So has it ever happened that he had to play a concert on the day of a vexing problem, or personal tragedy?

“Well… yes,” he replies, his face giving no indication of the bombshell to come. “The biggest experience of my life was when I was in Monmouth in Wales – this was nearly 12 years ago – and my concert was at 3 o’clock in the afternoon. At 2.30 the phone rang, and it was my son, and he said to me: ‘I’m terribly sorry to tell you, but my sister has just died’.

“Our daughter – she was 26 at the time – ran a charity half-marathon in Richmond Park in London,” he goes on, “and it seems that this time – she had done this several times before,” his voice suddenly falters; I’m afraid he’s going to burst into tears, but he only coughs and clears his throat, “but this time it seems that she went too fast, and 300m from the finish line she just collapsed, and it was heart failure. Of course, I just could not go onstage – I mean, my whole body was trembling. I had to cancel. I did in fact return to that concert just two weeks later, a concert in her memory. But that was the biggest experience of my life.”

I suddenly feel ashamed of my blithe assumption that Martino’s life has been sunny and sheltered – and I also see what he means, that an older pianist can bring something more to the music than a young man’s silky facility. He smiles wryly when I ask if he thinks his own playing has improved with age. One is always critical, he hedges, “but yes, I like to think there is more – how shall I say? – more… significance in the interpretations now than before”.

In fact, says Martino, he’s changed quite a lot in the past couple of decades. “I don’t worry so much about things,” he explains. “I think this event of my daughter’s death,” he pauses, caught between facets of himself again, “taught me a lot, and since then I really look on things quite differently. What seemed to be important before is no longer important. After that experience, I’m not afraid of anything. Nothing!” He sighs fondly: “I remember my daughter Clara with joy. I mean, I feel very privileged to have been her father. She was a fantastic gift. She taught me a lot. She enriched my life. That’s how I see it. You know, you can mourn forever, but you mourn for yourself.”

Music helped, I assume – especially his kind of music. Classical music is the only type that’s not just designed to entertain, he points out: it’s also designed to uplift, to touch, and perhaps to heal a grieving soul. That’s why he’s optimistic about the future, adds Martino: classical music “requires an effort from the listener as well, and the majority of people are not ready to make that effort” – but, as the “general level of awareness of mankind” keeps going up, people will become “more open to these wonderful vibrations of classical music”.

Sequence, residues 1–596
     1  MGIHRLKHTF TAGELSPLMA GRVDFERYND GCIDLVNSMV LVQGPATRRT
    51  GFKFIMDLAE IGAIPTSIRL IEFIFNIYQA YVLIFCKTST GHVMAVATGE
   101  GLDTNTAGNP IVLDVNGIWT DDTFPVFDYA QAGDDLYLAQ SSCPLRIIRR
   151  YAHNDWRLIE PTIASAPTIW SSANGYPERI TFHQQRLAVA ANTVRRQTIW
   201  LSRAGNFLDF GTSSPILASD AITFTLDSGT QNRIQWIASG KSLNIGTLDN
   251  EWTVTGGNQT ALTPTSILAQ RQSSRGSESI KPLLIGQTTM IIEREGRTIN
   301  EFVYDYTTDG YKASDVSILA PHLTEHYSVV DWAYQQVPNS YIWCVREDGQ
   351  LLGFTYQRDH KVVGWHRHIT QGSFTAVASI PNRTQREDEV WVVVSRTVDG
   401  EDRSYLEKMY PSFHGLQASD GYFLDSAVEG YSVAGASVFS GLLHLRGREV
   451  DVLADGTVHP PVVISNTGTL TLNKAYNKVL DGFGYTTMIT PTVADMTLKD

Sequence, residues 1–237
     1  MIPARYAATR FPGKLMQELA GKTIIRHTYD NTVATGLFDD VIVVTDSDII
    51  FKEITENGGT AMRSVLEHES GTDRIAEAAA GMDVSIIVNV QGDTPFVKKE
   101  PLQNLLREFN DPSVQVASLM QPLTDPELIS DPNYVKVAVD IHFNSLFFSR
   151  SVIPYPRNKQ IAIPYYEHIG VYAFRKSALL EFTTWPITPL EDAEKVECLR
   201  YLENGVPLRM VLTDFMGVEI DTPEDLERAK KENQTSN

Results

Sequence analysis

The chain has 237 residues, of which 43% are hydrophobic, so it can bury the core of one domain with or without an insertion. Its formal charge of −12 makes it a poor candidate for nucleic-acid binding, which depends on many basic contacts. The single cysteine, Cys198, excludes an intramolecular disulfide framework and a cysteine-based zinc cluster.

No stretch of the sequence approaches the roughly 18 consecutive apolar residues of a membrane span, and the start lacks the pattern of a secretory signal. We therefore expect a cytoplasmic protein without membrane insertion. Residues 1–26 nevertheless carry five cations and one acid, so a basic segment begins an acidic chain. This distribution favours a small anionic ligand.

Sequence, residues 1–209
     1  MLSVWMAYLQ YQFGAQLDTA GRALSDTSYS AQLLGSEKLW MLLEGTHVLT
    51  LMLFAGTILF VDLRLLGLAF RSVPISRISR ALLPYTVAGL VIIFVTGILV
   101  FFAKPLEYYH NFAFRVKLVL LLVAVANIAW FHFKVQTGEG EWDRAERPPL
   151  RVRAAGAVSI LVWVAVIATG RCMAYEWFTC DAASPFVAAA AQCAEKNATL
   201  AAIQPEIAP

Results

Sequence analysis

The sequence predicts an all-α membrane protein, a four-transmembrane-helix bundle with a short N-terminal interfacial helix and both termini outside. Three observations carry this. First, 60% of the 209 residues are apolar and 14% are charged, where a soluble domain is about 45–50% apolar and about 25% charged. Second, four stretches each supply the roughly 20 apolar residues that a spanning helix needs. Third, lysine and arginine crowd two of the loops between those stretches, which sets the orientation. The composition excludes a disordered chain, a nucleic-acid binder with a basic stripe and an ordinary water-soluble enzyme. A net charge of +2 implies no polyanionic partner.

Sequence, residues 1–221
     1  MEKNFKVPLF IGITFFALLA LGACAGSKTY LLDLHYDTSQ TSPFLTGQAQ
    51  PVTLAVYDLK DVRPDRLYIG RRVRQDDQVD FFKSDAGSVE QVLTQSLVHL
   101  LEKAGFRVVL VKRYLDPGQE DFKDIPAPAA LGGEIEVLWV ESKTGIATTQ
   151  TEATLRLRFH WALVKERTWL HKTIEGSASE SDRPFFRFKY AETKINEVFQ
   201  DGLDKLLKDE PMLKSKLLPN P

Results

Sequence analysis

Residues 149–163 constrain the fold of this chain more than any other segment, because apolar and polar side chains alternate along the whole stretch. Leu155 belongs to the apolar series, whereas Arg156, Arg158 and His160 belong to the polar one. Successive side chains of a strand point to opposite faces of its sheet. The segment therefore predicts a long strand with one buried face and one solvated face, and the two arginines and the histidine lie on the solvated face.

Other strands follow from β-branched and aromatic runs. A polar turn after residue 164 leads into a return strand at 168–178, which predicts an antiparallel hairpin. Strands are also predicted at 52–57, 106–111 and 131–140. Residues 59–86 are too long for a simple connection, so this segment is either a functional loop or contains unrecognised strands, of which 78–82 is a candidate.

One wonders if he’d still be so optimistic about mankind’s growing level of awareness after an hour with the cat videos on YouTube. Still, the point is valid: classical music comes from a different place than pop, rock or jazz – making it all the more surprising that children like Mozart (or indeed Martino himself) can play and compose so beautifully when they’re so immature in other ways. How does he explain it? Not just his own childhood gift, but the gift in general?

“My feeling is that the greatest composers, during the period of creation, they were attuning to higher vibrations. They left behind their weaknesses, and their ordinary expression in daily life, and they were attuning to something much higher. This is why we have these masterpieces. They are not the result of Mozart the man, or Beethoven the man.”

Are we talking about spiritual things now?

He looks a little pained: “We are, really…”

Is he religious himself?

“It depends what you mean by religious. Uh… I am really. I’m deeply religious, I would say. And for me, Jesus Christ is the Godhead. He is the Heavenly man.”

Not that he goes to church, he admits cheerfully. How can he, with so much to do? “You know, the professional musician has very little free time,” says Martino, turning happily to secular matters. “It’s very demanding work, the standards are unbelievably high. You cannot afford to give a bad concert”. Even now, for him, after all these years, a sub-standard evening would have “repercussions,” he says darkly. He’d never encourage anyone to be a musician (his son designs websites, which makes much more sense); “if anything, I tend towards discouraging. Why? Because I feel, if someone has it within them, they will do it anyway. But it would be dishonest of me to encourage a moderate talent to follow this road. It has to be an absolutely top talent.”

Even for an absolutely top talent (like his own, though he’s too polite to say so), there are pitfalls. He recalls playing with another child prodigy a few decades ago, when they were both middle-aged; the other man had already been conducting famous orchestras at 15 – but the more Martino got to know him, the clearer it became that “he was, in fact, still a 15-year-old”. Music takes so much; it can take your whole life, if you let it.

And what of Martino himself? Has he stayed ‘normal’, despite the incredible gift placed on his shoulders by God or Fate or whoever? Hard to say – but is being ‘normal’ really more important than becoming the first pianist to play a complete cycle of all 21 Schubert sonatas, or a lifetime spent studying and interpreting the great composers? He’s achieved a lot – and it may have cost him something, “but I’m not complaining. The word ‘retirement’, for example, doesn’t exist for me. I will never retire, and I don’t want to. Because it’s not a job, really. What I do is – is – is life”. And always has been.